The ESEB2019 conference dinner was memorable particularly for foreign guests, as it was arranged at Moomin World in Naantali on the last evening of the conference. In addition to the tasty dinner itself, guests were delighted by the beautiful environment and the characters of the theme park. Many of the researchers took photos together with Moomin characters in order to share the experience on social media.
‘The environmentally friendly values of the Moomins were a perfect match with the congress, which the guests also praised. The evening and its sunset was a wonderful experience for them.’
Delegate bags in leftover fabrics
The congress guests received a tip about the dinner venue the year before, when the event was marketed at the evolutionary biology world congress at Montpellier, France, together with the Turku Convention Bureau. Moomin magnets made of birch plywood were immensely popular, and they also sent the message about the environmental values of the congress.
‘The Turku Convention Bureau of the City of Turku and Visit Turku welcomed our green challenge warmly. As marketing support, we received Urban Legends delegate bags made using leftover fabrics. The bags were praised by the participants,’ Primmer says.
The Convention Bureau has previously ordered all delegate bags distributed to congress guests from abroad, but inspired by the ESEB2019 congress and its values, all bags are now sewn at Turku City Employment Services Centre’s Valmennuspiste, which rehabilitates and supports people with their employment goals. Primmer is happy that his environmentally friendly choices were adopted in Turku as heritage for future congresses and events.
‘Sustainable principles should be thought of already in the planning phase,’ he says, encouraging persistence.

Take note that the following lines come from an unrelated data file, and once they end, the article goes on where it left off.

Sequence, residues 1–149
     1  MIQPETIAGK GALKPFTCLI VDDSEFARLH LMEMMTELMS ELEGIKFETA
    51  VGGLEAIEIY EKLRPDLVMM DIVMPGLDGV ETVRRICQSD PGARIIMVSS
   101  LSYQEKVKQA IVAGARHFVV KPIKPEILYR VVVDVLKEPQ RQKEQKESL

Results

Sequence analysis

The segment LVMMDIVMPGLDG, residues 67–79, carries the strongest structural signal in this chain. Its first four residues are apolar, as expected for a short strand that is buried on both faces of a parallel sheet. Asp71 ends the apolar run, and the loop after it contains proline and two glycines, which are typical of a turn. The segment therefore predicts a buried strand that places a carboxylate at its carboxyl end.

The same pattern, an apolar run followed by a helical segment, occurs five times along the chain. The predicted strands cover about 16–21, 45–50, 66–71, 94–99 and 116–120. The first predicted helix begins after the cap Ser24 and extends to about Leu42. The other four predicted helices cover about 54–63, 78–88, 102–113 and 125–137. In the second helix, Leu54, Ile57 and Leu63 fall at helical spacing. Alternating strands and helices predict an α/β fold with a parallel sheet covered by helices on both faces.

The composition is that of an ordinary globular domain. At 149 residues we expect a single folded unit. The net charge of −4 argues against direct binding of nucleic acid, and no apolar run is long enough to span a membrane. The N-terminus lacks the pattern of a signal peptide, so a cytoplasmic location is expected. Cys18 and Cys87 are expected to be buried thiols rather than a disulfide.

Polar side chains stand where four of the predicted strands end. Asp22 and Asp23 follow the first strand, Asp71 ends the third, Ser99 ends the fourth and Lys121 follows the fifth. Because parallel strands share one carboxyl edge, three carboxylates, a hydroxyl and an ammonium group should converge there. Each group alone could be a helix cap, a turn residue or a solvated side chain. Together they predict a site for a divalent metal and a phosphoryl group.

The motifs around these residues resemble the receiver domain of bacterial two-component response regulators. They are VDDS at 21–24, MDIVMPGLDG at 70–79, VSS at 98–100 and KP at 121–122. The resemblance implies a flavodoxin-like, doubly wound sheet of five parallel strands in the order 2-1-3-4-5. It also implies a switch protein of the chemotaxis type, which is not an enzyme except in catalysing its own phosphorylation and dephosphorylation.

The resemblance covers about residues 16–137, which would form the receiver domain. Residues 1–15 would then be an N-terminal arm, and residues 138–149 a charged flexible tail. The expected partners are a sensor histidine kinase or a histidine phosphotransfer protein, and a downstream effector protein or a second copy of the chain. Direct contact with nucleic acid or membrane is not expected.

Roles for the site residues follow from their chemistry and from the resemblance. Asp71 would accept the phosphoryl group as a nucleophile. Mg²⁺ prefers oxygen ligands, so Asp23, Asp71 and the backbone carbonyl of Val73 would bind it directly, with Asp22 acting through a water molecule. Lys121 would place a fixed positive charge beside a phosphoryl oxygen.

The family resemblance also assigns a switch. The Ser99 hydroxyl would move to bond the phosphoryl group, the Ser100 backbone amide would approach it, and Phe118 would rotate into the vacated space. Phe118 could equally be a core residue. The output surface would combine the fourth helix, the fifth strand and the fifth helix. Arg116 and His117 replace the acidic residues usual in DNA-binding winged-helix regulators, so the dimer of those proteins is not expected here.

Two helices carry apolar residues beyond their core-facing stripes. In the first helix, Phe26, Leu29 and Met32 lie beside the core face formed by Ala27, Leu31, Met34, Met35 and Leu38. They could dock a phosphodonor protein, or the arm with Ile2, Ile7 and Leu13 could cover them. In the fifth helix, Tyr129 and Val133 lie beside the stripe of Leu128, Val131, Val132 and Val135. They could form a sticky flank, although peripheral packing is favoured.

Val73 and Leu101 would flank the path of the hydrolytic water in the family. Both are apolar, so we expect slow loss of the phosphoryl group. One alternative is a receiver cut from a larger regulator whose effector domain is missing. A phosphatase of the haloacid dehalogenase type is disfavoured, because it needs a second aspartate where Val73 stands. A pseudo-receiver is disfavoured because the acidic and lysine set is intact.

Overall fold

‘For example, I absolutely wanted the congress shirts to be made using recycled cotton, even though they proved difficult to find and slightly more expensive. I find it important for ecological products to have a demand, even though the supply is limited at this time. Otherwise, the environmentally friendly message will be lost.’
Supported by an extensive cooperation network
The ESEB2019 congress in Turku was strongly embodied in Craig Primmer, but he was supported by the Turku Convention Bureau, the committees of the event, congress service provider Aboa Congress and Event Services, the extensive local cooperation network, and some forty volunteers who all helped fulfil the ideals of the host.
‘My aim was for all areas of the congress to be better than anywhere else – no more,’ Primmer laughs at his temperament.
‘I would say that 95 per cent of the arrangements were better or at least as good as the previous congresses.’
Primmer enjoyed the ESEB2019 congress even though his focus this time was on hosting and the practical arrangements. Science will come after a short break. He has already compiled a list of presentations he absolutely must see as video recordings.
Text: Merja Kallikari
Photos: Mika Okko